More support for dads
New dads can be under a lot of pressure. In addition to providing emotional support to their partners, they are often taking shifts soothing the baby at night and working full-time. It’s hardly surprising that they might develop postnatal depression, yet that’s something that is not talked about much.
Some of the issues facing new dads are addressed by UK baby brand, Nuby who are calling for more support for new dads, especially those facing mental health issues:
A blessing and a challenge
There is nothing more satisfying for a new dad than embracing their newborn son or daughter in their hands. But along with the blissful moments of raising a life come a few challenges, especially for first-time dads.
First, there are physical challenges: sleep deprivation, daily routine changes and unexpected events.. It might take some time to adjust, and it also means that alone time, which is useful for recouping, may be reduced.
Then comes the financial pressure. Baby essentials add huge expense to the family budget and it can help to spread the cost over time.
Dads may also feel disconnected from the rest of the family, especially if the mother is the primary caregiver. Some relationship dynamics change, leaving new dads questioning their value and self-confidence.
Postnatal depression in new dads
All these factors can contribute to stress and anxiety among new dads and even lead to postnatal depression which is usually attributed to women but men can be affected too. Non-birthing partners are not generally screened for postpartum depression (PPD), which means that many cases may go un-reported.
Postpartum depression is characterised by the baby blues that occur within the first weeks, but if the symptoms continue for more than a month and start to interfere with a parent’s ability to perform daily tasks, it is classed as PPD. Symptoms of postnatal depression in new dads can include feelings of sadness, guilt, irritability, exhaustion and changes in appetite or sleep patterns. PPD can also manifest physically as headaches, stomach problems, or muscle pain.
Opening the conversation
The more open we are about dads’ mental health, the less it is that cases of PPD will slip through the net. Creating a safe and supportive environment where dads can talk about their feelings without fear of judgement is important. Show empathy by acknowledging that the transition to fatherhood can be challenging and that asking for help is okay. And apply good conversation skills such as asking open-ended questions (‘How have you been feeling since the baby arrived?’) and listening actively.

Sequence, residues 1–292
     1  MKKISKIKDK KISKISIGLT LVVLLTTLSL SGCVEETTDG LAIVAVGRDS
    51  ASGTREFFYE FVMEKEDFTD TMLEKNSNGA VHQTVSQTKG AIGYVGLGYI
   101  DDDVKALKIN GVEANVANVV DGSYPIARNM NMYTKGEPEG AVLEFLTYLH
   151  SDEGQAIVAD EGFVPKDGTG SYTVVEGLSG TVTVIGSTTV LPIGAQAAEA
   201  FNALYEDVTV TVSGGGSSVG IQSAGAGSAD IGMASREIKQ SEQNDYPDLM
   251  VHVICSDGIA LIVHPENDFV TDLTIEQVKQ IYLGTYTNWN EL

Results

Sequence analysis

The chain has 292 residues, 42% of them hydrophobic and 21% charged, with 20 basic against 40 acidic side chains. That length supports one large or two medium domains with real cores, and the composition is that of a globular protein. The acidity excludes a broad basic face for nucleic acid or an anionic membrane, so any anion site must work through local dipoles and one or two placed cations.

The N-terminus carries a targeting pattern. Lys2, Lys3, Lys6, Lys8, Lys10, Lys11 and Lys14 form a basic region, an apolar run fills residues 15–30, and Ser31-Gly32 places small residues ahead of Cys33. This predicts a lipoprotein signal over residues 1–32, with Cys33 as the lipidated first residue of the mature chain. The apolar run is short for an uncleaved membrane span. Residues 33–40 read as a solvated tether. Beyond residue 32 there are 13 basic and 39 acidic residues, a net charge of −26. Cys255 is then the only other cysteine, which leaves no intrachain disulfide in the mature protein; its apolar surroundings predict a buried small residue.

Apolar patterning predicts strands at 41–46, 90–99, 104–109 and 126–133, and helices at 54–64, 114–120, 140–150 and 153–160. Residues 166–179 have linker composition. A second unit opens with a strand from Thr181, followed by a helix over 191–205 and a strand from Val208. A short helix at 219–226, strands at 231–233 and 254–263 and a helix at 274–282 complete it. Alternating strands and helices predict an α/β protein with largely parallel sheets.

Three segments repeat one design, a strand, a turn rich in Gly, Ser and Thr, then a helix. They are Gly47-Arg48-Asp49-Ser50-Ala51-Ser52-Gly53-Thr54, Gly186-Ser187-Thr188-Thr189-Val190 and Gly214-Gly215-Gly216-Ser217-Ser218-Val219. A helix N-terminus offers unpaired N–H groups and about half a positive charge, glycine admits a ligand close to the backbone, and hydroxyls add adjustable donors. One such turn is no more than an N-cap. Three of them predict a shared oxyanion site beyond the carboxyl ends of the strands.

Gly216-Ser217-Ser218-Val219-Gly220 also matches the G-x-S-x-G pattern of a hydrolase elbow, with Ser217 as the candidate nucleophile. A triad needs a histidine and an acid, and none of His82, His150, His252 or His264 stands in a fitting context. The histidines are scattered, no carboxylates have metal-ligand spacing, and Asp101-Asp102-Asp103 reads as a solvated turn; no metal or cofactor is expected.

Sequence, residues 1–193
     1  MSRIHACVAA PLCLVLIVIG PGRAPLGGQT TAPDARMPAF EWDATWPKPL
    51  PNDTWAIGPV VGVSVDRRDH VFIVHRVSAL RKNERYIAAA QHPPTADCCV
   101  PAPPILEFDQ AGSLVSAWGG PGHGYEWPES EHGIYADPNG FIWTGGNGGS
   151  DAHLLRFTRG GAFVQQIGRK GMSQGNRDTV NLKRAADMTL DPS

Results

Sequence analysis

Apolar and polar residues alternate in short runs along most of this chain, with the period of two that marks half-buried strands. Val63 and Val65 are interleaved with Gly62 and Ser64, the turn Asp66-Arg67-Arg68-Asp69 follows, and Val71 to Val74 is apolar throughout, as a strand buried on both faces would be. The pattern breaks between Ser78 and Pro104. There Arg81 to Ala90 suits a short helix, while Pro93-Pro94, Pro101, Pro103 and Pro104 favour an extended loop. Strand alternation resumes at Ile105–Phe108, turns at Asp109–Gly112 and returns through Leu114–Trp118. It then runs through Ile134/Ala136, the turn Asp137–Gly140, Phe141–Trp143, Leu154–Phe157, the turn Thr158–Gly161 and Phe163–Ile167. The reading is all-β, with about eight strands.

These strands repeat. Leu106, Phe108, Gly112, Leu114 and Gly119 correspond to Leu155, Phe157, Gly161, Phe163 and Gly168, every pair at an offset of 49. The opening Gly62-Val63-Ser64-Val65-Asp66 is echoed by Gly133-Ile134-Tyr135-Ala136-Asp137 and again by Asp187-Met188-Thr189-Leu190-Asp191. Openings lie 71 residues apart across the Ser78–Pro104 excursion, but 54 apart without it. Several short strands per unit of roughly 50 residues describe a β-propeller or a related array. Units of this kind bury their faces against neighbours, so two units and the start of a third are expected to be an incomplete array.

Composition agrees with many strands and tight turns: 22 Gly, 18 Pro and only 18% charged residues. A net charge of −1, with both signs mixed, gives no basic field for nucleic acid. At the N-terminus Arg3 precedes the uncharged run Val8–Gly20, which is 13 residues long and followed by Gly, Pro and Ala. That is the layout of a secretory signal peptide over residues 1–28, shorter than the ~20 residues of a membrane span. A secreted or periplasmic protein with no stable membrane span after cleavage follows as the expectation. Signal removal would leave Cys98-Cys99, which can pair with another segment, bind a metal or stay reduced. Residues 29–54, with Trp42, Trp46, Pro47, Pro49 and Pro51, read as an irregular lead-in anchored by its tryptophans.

Practical steps to support new dads
- Encourage self-care. Self-care can go a long way in soothing symptoms of stress, anxiety and depression. Encourage dads to prioritise self-care, whether it's exercise, reading a book or taking a nap.
- Offer practical support. After birth, try not to overload the dad in the family with chores. When you can, offer to help with some practical tasks, such as cooking a meal, cleaning or running errands. You can even ask a family member to help.
- Encourage professional help. If the dad in your family is experiencing persistent or severe symptoms, encourage him to seek professional help from a therapist, counsellor or mental health professional. Let him know that seeking help is totally acceptable and a sign of strength.
- Provide social support. Connecting with other dads or supportive friends and family members can help reduce stress. There are many social support groups and community programs where dads can meet dads and find a community of like-minded people to help them on their exciting fatherhood journey.